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Continuing-care retirement communities provide seniors with an attractive option to traditionaln ursing homes. These arrangementsa llow seniors to live in a pleasant, independent environment for as long as possible, and then receive life time nursing care when it is needed. Residents of these communities pay a large upfront entry fee in exchange for the promise of life time nursing care. When continuing care facilities file for bankruptcy, however, residents risk losing their large upfront entry fee, which drastically reduces the value of these arrangements to consumers. In this Article, Professor Nathalie Martin analyses these risks against a host of state statutes purporting to regulate this industry. She concludes that despite many laws on the books, this industry remains largely unregulated, and residentfees are still at great risk of loss in most states. In the Article, Professor Martin analyses the relationship between state statutes and the Federal Bankruptcy Code, and discusses the Supremacy battle that results when state and federal statutes conflict. She analyses the specific provisions of the various state continuing-care statutes and suggests ways that the state statutes could be improved. She then concludes that because the Bankruptcy Code preempts some of the provisions of these state statutes, and because the state legislative process is inefficient and unpredictable, to fully protect residents form the loss of their life care investments, the Bankruptcy Code should also be amended to preclude rejection of life care contracts, to provide rejection damage claims with higher priority, or to otherwise protect resident claims.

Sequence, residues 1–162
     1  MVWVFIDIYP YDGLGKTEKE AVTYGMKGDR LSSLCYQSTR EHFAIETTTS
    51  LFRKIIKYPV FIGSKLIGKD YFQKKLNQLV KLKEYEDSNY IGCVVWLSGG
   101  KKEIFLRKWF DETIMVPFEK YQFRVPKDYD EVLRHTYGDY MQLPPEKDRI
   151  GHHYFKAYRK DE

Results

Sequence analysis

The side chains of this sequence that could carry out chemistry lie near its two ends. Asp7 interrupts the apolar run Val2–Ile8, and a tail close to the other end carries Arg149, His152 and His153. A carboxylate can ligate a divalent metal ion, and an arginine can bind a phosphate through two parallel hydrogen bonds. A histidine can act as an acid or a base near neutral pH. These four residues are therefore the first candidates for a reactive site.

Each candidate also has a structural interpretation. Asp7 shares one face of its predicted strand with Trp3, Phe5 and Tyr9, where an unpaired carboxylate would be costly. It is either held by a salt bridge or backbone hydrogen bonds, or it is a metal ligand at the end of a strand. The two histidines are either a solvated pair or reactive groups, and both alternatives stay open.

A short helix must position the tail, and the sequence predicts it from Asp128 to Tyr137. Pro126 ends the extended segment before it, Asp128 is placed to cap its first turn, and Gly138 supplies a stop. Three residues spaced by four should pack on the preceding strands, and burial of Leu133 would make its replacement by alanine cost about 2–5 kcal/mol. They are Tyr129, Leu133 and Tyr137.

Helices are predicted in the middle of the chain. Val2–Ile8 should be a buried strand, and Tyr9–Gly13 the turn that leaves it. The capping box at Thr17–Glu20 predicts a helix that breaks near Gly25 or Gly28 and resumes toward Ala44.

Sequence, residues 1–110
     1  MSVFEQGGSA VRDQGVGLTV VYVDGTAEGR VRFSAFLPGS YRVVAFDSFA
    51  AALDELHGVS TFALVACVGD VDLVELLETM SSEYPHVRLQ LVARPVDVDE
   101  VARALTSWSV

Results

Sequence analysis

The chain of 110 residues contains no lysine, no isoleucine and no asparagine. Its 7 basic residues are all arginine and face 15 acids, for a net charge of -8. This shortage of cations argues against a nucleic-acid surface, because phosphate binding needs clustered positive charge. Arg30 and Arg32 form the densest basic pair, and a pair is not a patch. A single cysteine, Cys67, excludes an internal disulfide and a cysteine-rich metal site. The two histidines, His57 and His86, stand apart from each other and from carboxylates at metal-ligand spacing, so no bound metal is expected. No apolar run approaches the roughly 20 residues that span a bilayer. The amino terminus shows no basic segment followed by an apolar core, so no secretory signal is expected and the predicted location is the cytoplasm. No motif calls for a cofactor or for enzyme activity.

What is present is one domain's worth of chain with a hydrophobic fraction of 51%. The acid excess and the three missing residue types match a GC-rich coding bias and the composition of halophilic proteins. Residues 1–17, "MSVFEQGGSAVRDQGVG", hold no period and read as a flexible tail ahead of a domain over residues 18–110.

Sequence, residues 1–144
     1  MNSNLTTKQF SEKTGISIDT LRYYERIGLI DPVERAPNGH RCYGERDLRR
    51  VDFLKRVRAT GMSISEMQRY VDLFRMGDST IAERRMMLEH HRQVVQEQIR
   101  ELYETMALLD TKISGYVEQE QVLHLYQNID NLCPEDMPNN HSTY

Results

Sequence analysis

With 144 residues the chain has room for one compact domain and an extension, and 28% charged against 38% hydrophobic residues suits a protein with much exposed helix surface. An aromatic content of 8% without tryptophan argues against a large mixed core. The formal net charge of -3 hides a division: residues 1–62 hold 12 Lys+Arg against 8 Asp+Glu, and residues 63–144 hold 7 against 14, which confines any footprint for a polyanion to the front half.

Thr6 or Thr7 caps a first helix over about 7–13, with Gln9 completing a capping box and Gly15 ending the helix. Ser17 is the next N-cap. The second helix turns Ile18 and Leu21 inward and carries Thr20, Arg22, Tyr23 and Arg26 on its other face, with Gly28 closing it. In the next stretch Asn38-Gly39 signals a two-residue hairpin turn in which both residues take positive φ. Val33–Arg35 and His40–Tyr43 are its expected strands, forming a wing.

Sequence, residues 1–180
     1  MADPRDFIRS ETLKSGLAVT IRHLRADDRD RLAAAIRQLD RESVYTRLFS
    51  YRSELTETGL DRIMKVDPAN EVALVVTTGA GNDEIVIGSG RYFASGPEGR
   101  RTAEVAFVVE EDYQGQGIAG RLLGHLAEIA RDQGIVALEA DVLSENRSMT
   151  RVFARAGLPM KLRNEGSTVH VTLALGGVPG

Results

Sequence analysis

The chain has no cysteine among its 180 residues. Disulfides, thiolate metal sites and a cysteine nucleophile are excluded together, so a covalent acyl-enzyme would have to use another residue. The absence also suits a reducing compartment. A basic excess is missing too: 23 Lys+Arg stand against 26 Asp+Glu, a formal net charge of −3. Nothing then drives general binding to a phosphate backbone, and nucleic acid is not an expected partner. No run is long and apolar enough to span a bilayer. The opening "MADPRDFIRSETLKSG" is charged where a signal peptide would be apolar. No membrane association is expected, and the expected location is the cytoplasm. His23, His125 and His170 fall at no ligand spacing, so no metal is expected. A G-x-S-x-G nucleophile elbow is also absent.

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Ohio State Law Journal



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